The school year is almost over for Illinois school children but their parents should be planning for the upcoming school year. The Illinois Department of Public Health (IDPH) encourages parents to skip the long lines and make appointments now for their children’s required school physicals. When students are immunized early, it lessons their chances of facing a medical exclusion from school. Most importantly, it protects them against harmful illnesses.
Immunizations help protect children from 14 potentially deadly diseases like polio, measles, mumps and chickenpox. National Immunization Survey Data shows vaccination rates are increasing. Now 73 percent of children are receiving six vaccines.
In Chicago, rates are higher than the national average with 75 percent of children receiving the full series of vaccines by age two.
Now state health officials are pushing parents to keep their children’s immunizations current and for parents to keep good records of the immunizations.
Illinois students entering the 6th and 9th grades during the 2012-2013 school year will be required to have a school physical and show proof of receiving the Tdap vaccine, the IDPH recently announced. Or else, students must have an appointment to get the vaccine or have an approved medical or religious exemption on file. Students who fail to comply will not be permitted to attend school.
Tdap is an approved vaccine to protect against tetanus, diphtheria and pertussis (whooping cough). The newly required Tdap vaccine, a booster shot for continued protection against these illnesses, is especially important after recent outbreaks of pertussis in Illinois and nationwide.
“Although we are approaching the end of the school year for many students, now is the time for parents to start scheduling appointments for next year’s school immunization requirements,” said Illinois Department of Public Health Acting Director, Dr. Arthur F. Kohrman.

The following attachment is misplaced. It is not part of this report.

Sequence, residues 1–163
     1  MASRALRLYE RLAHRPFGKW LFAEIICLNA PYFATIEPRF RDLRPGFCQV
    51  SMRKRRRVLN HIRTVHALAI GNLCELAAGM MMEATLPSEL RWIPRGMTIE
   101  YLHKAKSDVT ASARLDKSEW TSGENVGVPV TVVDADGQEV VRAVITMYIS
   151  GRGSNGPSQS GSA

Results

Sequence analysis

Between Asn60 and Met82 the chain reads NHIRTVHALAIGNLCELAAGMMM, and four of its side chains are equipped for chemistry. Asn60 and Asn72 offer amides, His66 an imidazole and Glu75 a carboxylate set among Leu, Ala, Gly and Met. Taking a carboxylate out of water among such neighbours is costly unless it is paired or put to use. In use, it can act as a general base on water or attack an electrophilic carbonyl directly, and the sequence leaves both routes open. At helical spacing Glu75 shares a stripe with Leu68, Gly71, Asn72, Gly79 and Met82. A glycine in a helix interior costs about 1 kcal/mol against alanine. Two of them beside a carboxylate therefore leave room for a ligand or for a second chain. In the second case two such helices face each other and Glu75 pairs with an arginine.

Previously the Tdap was recommended for children entering the 6th grade but now the IDPH requires that both 6th and 9th graders receive the vaccine, Kohrman stated.
“We hope that families will comply with the new requirement by ensuring that children entering 6th and 9th grades get the Tdap vaccine during spring or summer so they’re ready for the 2012-13 school year,” said State Superintendent of Education Christopher A. Koch. “We don’t want any students to miss precious time in school because they don’t meet this requirement, or worse, they fall ill to illness such as whooping cough.”
State officials emphasize that immunizations give children’s immune systems a chance to make protective antibodies that help fight against disease and illness. Those who are not immunized run the risk of being exposed to germs too strong for them to fight. Children under 5 years of age are particularly vulnerable because their immune systems have not built up the necessary defenses to fight infection.
Kids often receive a plethora of vaccinations by age 2. This protects them from carrying diseases and prevents the spread of illnesses to others.
All parents should keep records of all the shots that their child has ever received.
A record should be started when a child gets their first shot and updated each time they receive an immunization. Shot records should be treated like a birth certificate or any other important document, stored in a safe place and easily accessible when requested by school officials or health care providers.
By Thelma Sardin
The Associated Press also contributed to this report.